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科学美国人60秒:新树种的碳储存速度是燃烧前的四倍

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Emily Schwing: This is 60 Second Science, I’m Emily Schwing.

艾米丽·施温:这里是 60 秒科学,我是艾米丽·施温。

The boreal forest is the largest terrestrial biome in the world. It covers 14 percent of the land on earth.

北方森林是世界上最大的陆地生物群落。它覆盖了地球上 14% 的土地。

And, today, I’m with my dogs on the north side of Denali National Park and Preserve.

今天,我和我的狗来到德纳利国家公园和保护区的北侧。

Schwing: I’m walking my dogs in the boreal forest. It’s also known as taiga and this is where 11 percent of the world’s carbon is stored. It covers 1.3 billion acres of the earth's surface.

施温:我带着狗穿过北方森林。它也被称为针叶林,这里储存了世界 11% 的碳。覆盖了13亿英亩的地球表面。

[Sound of dogs playing]

This forest is actually really beautiful. There’s these black spruce trees.... They’re stumpy, sometimes really short and goring in different directions. There’s lichen that hangs off of the dead branches, bright green lichen. Today, there’s a skim of snow on the ground overtop of this feather moss that just covers the forest floor.

这片森林其实真的很美。有这些黑云杉树……它们很矮,有时很短,朝不同的方向生长。枯枝上挂着青苔,鲜绿色的青苔。今天,在这片刚刚覆盖森林地面的羽毛苔藓之上,有一层薄薄的雪。

[Bird calls, Dog whistles]

There's a magpie on a tree branch right in front of me....

我面前的树枝上有一只喜鹊……

[Sound of crunching in snow]

Wildfire is a normal part of the lifecycle for a boreal forest, but as the climate warms, this ecosystem is becoming increasingly vulnerable. That vulnerability risks turning forest from carbon sink to carbon source. When the boreal forest burns, it has the potential to release gigatons of carbon into the atmosphere.

野火是北方森林生命周期的正常组成部分,但随着气候变暖,这个生态系统变得越来越脆弱。这种脆弱性有可能将森林从碳汇变成碳源。在北方森林燃烧时,它有可能将数十亿吨的碳释放到大气中。

Jill Johnstone: Much of that carbon is actually in the forest floor.

吉尔·约翰斯通:大部分碳实际上存在于森林地表中。

Jill Johnstone has been studying boreal forest ecology for decades. She does research through Canada’s Yukon University, and with the University of Alaska, Fairbanks, Alaska.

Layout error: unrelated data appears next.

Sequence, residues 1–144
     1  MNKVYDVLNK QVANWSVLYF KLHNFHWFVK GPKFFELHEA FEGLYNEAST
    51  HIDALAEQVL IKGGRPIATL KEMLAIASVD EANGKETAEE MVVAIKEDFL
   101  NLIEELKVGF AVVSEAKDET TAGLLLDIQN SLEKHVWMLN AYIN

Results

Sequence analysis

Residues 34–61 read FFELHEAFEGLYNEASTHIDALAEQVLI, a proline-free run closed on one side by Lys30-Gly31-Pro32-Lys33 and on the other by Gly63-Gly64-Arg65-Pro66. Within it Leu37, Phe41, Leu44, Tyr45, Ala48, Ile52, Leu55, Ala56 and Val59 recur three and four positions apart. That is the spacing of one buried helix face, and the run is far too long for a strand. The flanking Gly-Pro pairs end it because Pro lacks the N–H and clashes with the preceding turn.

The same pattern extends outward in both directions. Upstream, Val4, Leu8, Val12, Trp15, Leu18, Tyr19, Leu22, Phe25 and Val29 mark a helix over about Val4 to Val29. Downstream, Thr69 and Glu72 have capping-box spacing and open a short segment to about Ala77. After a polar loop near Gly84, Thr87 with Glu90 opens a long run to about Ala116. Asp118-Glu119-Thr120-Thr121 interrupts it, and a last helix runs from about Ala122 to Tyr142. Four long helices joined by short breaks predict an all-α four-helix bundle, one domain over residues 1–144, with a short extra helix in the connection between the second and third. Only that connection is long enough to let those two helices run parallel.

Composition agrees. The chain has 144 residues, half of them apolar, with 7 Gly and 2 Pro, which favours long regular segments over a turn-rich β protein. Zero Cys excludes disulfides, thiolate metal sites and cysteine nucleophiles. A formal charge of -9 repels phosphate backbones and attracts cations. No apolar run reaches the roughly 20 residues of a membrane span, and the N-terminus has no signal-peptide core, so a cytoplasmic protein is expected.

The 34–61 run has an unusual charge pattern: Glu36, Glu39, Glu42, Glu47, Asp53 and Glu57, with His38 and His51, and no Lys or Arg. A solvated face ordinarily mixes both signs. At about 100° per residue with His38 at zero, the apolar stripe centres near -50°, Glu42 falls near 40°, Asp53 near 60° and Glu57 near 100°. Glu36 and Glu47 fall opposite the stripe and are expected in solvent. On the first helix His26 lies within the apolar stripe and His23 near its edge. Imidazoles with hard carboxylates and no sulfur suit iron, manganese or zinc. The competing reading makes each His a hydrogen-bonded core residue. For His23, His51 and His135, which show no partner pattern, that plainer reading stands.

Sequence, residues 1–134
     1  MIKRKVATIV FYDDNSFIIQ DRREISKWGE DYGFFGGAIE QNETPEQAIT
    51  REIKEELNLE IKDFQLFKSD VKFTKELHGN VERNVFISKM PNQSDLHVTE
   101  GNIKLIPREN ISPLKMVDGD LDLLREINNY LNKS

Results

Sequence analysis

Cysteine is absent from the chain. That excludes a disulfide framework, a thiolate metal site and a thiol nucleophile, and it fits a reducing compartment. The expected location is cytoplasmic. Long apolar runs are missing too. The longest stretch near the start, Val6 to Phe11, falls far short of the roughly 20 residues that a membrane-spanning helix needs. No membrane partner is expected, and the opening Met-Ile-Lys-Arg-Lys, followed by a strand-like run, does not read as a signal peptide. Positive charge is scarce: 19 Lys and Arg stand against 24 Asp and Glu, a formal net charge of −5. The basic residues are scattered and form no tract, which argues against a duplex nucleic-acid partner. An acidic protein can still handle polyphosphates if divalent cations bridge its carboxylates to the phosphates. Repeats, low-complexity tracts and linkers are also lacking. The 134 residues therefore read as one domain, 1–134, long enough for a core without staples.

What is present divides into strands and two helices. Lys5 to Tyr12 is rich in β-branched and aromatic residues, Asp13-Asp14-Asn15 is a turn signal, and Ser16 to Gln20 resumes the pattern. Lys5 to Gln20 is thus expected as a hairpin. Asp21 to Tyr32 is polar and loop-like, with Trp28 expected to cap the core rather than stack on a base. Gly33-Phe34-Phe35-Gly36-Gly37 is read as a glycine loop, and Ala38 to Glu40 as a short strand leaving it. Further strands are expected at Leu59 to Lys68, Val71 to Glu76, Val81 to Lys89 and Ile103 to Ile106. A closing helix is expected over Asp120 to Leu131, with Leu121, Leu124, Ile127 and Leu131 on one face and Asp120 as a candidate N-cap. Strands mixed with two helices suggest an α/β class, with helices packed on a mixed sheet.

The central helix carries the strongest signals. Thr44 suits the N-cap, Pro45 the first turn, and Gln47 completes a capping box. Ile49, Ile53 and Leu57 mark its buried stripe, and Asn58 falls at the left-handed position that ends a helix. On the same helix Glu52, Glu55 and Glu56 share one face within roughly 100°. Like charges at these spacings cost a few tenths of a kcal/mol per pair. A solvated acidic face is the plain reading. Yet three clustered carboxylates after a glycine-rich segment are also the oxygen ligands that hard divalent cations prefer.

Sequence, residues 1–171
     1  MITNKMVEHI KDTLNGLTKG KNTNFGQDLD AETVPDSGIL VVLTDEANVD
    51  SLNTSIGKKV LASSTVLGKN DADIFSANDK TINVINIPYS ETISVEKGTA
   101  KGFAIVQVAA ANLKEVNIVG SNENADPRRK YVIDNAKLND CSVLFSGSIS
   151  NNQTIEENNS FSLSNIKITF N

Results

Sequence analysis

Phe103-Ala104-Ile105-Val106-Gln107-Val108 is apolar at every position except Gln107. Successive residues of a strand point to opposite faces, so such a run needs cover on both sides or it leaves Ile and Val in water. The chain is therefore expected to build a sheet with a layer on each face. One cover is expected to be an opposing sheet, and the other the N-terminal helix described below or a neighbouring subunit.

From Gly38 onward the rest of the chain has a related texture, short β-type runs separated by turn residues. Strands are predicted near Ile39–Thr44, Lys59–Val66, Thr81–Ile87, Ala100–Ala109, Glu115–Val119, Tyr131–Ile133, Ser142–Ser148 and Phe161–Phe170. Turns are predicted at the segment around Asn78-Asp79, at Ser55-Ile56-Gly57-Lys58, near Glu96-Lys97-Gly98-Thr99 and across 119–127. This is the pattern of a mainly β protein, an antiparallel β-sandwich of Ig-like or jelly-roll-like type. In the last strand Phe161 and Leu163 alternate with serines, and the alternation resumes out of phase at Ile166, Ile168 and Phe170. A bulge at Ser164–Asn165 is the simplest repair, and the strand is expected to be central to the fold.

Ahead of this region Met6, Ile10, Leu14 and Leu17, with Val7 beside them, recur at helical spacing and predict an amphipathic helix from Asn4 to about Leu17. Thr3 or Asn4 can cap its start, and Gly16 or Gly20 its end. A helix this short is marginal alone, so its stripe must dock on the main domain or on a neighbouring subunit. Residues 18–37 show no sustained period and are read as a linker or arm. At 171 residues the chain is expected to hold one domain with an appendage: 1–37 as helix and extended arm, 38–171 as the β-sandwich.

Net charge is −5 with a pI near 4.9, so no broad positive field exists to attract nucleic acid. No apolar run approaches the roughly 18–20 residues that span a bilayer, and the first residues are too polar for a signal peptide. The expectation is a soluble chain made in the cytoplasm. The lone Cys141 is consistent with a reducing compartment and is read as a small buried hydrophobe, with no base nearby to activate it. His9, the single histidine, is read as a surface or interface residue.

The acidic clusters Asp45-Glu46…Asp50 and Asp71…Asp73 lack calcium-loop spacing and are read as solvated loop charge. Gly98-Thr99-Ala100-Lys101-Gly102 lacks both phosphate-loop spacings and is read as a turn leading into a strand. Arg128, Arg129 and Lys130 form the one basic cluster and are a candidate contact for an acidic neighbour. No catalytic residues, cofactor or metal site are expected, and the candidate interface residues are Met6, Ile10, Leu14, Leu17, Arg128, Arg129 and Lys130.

吉尔·约翰斯通几十年来一直在研究北方森林生态学。她通过加拿大育空大学和阿拉斯加费尔班克斯的阿拉斯加大学进行研究。

Johnstone: It's this undecomposed plant remains that accumulate through time. And when a fire comes through the forest, it can just singe the surface of those accumulated plant remains, or it can burn deeply into them like a severe burn combusts most of that forest floor. That results in a pulse of released carbon into the atmosphere in the form of smoke and other aerosols and small carbon dioxide molecules. And so that carbon is essentially lost from storage that burns away.

约翰斯通:这些未分解的植物残渣会随着时间积累。当一场大火穿过森林时,它只会烧焦那些堆积的植物残渣的表面,或者它可以像严重的起火一样深深地烧进森林的大部分地面。其结果是碳以烟雾、其他气溶胶和二氧化碳小分子的形式释放到大气中。所以碳本质上是在储存过程中消耗掉的。

Schwing: This past spring, a group of scientists released their findings from a 15-year study that looked at how boreal forests regenerate after wildfire. Johnstone was a co-author. [Michelle C. Mack et al., Carbon loss from boreal forest wildfires offset by increased dominance of deciduous trees]

施温:今年春天,一组科学家公布了他们在一项为期 15 年的研究中的发现,该研究着眼于野火后北方森林如何再生。约翰斯通是合著者。

Johnstone: Well, one of the things that we've been noticing in the past couple of decades is that fires are burning differently in the boreal forest than we understand them to have burned in the past. And as a result of that, how the forest regenerates is changing.

约翰斯通:嗯,在过去的几十年里,我们注意到的一件事是,北方森林中的大火燃烧方式与我们理解的过去燃烧方式不同。因此,森林的再生方式正在发生变化。

Schwing: Black spruce and fir are the dominant tree species in the boreal forest. They’re coniferous. They’re good at withstanding cold and they grow really slowly.

施温:黑云杉和冷杉是北方森林中的主要树种。它们是针叶树,擅长抵御寒冷,而且他们的成长速度非常缓慢。

Johnstone: Particularly fires that burn deep into the forest floor and they change the seed beds and that affects which tree species regenerate well. And as a result we're seeing to what we call alternative trajectories.

约翰斯通:特别是燃烧到森林深处的大火,它们改变了苗床,影响了树种再生。结果,我们看到恢复过程转变为我们所说的替代轨迹。

Schwing: A changing climate means fires are becoming more severe. It’s burning off the organic layer of soils that support species like black spruce. So after a severe fire, the environment is better suited for deciduous tree species like birch and aspen to get a foothold. These trees grow much faster.

施温:气候变化意味着火灾变得更加严重。它正在烧掉支持黑云杉等物种的土壤有机层。所以在大火之后,环境更适合桦树、白杨等落叶树种获得立足点。这些树长得更快。

And here’s where Johnstone and her colleagues discovered an unexpected twist. Even though extreme fires are burning up those carbon rich layers of organic soil and releasing that carbon into the atmosphere in the short term—what grows back is even more carbon hungry than what came before it. Johnstone says this new kind of boreal forest is storing carbon four times faster than it would have before it burned.

在这里,约翰斯通和她的同事们发现了一个意想不到的转折。尽管极端大火正在烧毁富含碳的有机土壤层,并在短期内将这些碳释放到大气中,但生长回来的植物比之前的植物更需要碳。约翰斯通说,这种新型北方森林的碳储存速度是燃烧前的四倍。

Johnstone: I think that I would have anticipated something like twice as fast, not necessarily four times as fast. And the reason that this number is really interesting, this increase in rate or are so remarkable to us is that prior to this point, we always assumed that the stands that burned severely were a net source of carbon to the atmosphere, meaning they lost more carbon in the fire than they could hope to reaccumulate before the next fire came through.

约翰斯通:我想我会预料到速度会快两倍,不一定是四倍。这个数字真的很有趣,这个速度的增加或者对我们来说如此显着的原因是,在此之前,我们一直认为严重燃烧的树丛是大气中碳的净来源,这意味着它们在大火中失去的碳比它们希望在下一次火灾发生前重新积累的碳要多。